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> Romance Versa Reality, You comments please.
Caryn Rogosky
post Mar 23 2012, 07:05 PM
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What essential utilitarian work do your Arabians do daily, Hansi?
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Kimberli
post Mar 23 2012, 07:33 PM
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QUOTE (Caryn Rogosky @ Mar 23 2012, 07:59 PM) *
In some places, under certain circumstanes they are...and that's why I included this exception in my statement -- but maybe you missed it:

Unless a horse is providing transportation, plowing fields, or doing some other kind of essential daily work
-- his performance is a matter of pleasure and sport, and nothing more.

As I've stated many times, my own herd sire -- a double Tuhotmos son, worked at cutting cattle on a ranch in Montana so I'm hardly unaware of this and other uses.


I think it was Wyoming Caryn, from the same ranch I got *Waheeb from. The same ranch were I trained *Waheeb to chase cows and bulls, which were his favorite cuz he liked a good fight.

Tut Tut was a favorite of John's to ride. He was sure of himself and was loved for his never give up attitude.

During round ups, cowboys would come from all over. Many with 4 or 5 horses for the day. They would fight over who got the Arabs because they knew that they would not have to change horses every couple of hours. It was a hoot.
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Caryn Rogosky
post Mar 23 2012, 07:42 PM
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QUOTE (Kimberli @ Mar 23 2012, 08:33 PM) *
I think it was Wyoming Caryn, from the same ranch I got *Waheeb from. The same ranch were I trained *Waheeb to chase cows and bulls, which were his favorite cuz he liked a good fight.

Tut Tut was a favorite of John's to ride. He was sure of himself and was loved for his never give up attitude.

During round ups, cowboys would come from all over. Many with 4 or 5 horses for the day. They would fight over who got the Arabs because they knew that they would not have to change horses every couple of hours. It was a hoot.


Yes, it was Wyoming Kim. I guess I just had Montana on my mind from Hansi's post. Our Tut Tut (we just called him Tut) was such a wonderful horse. Mark would often jump on him and ride him bareback through the mare pasture and he would not even look at them. Sweet, sweet sweet --and so gentle, but always the athlete as well. Like his sire, he was truly a "thread horse". We miss him so much.
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Nadj al Nur
post Mar 23 2012, 07:42 PM
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QUOTE (Kimberli @ Mar 23 2012, 12:33 PM) *
I think it was Wyoming Caryn, from the same ranch I got *Waheeb from. The same ranch were I trained *Waheeb to chase cows and bulls, which were his favorite cuz he liked a good fight.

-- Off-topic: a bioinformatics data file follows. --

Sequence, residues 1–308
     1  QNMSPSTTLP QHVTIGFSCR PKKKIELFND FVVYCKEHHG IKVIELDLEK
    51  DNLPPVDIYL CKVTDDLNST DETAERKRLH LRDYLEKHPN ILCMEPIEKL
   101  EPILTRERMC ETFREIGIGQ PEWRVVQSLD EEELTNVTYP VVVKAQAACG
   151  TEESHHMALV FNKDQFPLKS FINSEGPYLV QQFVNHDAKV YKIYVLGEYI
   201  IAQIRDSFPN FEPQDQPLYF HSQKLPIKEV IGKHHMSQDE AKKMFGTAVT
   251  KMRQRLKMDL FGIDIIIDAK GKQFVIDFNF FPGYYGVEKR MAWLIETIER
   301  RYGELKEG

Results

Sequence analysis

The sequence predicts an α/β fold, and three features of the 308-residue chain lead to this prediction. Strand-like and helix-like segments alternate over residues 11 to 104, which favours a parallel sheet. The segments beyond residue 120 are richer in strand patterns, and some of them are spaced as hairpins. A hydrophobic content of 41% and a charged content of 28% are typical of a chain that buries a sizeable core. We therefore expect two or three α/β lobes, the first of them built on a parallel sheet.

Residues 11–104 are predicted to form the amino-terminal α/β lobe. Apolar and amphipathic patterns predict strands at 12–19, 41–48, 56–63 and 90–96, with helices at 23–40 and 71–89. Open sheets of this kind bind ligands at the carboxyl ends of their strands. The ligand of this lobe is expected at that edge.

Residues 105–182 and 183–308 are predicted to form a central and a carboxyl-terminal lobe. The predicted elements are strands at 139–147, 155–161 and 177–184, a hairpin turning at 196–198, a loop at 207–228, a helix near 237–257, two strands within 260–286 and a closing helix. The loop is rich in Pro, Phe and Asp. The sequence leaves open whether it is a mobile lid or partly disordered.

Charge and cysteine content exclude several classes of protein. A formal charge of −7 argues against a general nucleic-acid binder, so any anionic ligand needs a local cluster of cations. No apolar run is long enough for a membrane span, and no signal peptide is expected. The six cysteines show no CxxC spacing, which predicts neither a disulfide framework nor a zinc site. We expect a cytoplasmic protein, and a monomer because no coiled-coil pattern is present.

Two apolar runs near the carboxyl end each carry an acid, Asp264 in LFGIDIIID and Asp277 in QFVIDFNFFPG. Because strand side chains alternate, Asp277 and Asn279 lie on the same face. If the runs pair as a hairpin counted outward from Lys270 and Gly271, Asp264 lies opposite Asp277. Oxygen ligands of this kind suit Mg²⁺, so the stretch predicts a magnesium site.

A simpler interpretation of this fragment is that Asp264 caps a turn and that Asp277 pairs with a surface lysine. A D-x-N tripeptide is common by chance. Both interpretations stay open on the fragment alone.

Tut Tut was a favorite of John's to ride. He was sure of himself and was loved for his never give up attitude.

During round ups, cowboys would come from all over. Many with 4 or 5 horses for the day. They would fight over who got the Arabs because they knew that they would not have to change horses every couple of hours. It was a hoot.

Joanne Milne's place, right? I know several horses that came from there, and have a grand daughter of one of her mares, also double Tohotmos.
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M.D.
post Mar 23 2012, 07:48 PM
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QUOTE (HLM @ Mar 1 2012, 03:51 PM) *
We all know that the Arabian horse is the progenator of most all warmblood breeds. Over centuries Asil Arab blood was utlized to improve, stamina, easy keeping,endurance, speed etc, a DOING HORSE!.

While the Arabian horse is considered the most beautiful equine, that no other equine breed brings forth the intelligence and with it sensitivity, the love and affection for their owners, we must not forget these qualities
AND UTILIZE THEM WISELY.

The Bedus did not breed for horses to look at, to hug and kiss and adore, they bred for SURVIVAL, and their best were treasured highly. Only from these BEST they bred from, and their blood flows through the veins of our Arabians of today. How we handled this, is evident in many ways.

I always feel that turning these Arabians into PETS, GARDEN ORNAMENTS, turning many into mental and physical
retards is an insult to this sub-species. It stands to reason that at the time of the Bedus not every horse turned out to their liking as a DOING HORSE, or as a BREEDING HORSE, as it is today. Therefore careful grading should take place.
Horses which can not be considered special DOING HORSES, can easily be utlized as children horses, school horses
or pets in our pastures.There is nothing wrong with the latter at all. However, one can hardly consider these as breeding stock.

When we look back into the history of Eastern/Western nations, we notice that many a high commander, king or prince rode an Arabian horse into battle. Monuments of rider and horse are still visible in numerous countries.

I personally feel that ROMANCE does NOT belong in the breeding shed, but common sense should prevail.

How do you all feel about this?

Hansi

,


OMG ! Somebody wants to come running out there with a whip and scream: "Get out and freakin' work your horses you ol'e lazy German". ?!? ohmy.gif No offense. Maybe I'll wait until somebody else is 80. And go see this person and say: "Get out of your chair and get to work ? Are we a little stiff today ? Aww.That's pass . After the laps you will come off of." Maybe not ? laugh.gif
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Caryn Rogosky
post Mar 23 2012, 07:49 PM
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QUOTE (Nadj al Nur @ Mar 23 2012, 09:42 PM) *
Joanne Milne's place, right? I know several horses that came from there, and have a grand daughter of one of her mares, also double Tohotmos.


Yes, it was Joanne Milne's Place. We also bought Anchor Hill Asala from her at the same time that we bought Tut. That mare was something. She produced a lovely colt by Tut, who we sold when he was a few years old. He was competing very sucessfully in Hunter-Jumper last I heard -- but gosh, he has to be twenty or so by now. God, time flies! A few years later we sold Asala to a friend who was local cowboy (by hobby,not profession), who just loved her to pieces and rode her just about every day of her life...and she lived to be over 30 years. Joanne had good horses.
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Kimberli
post Mar 23 2012, 07:52 PM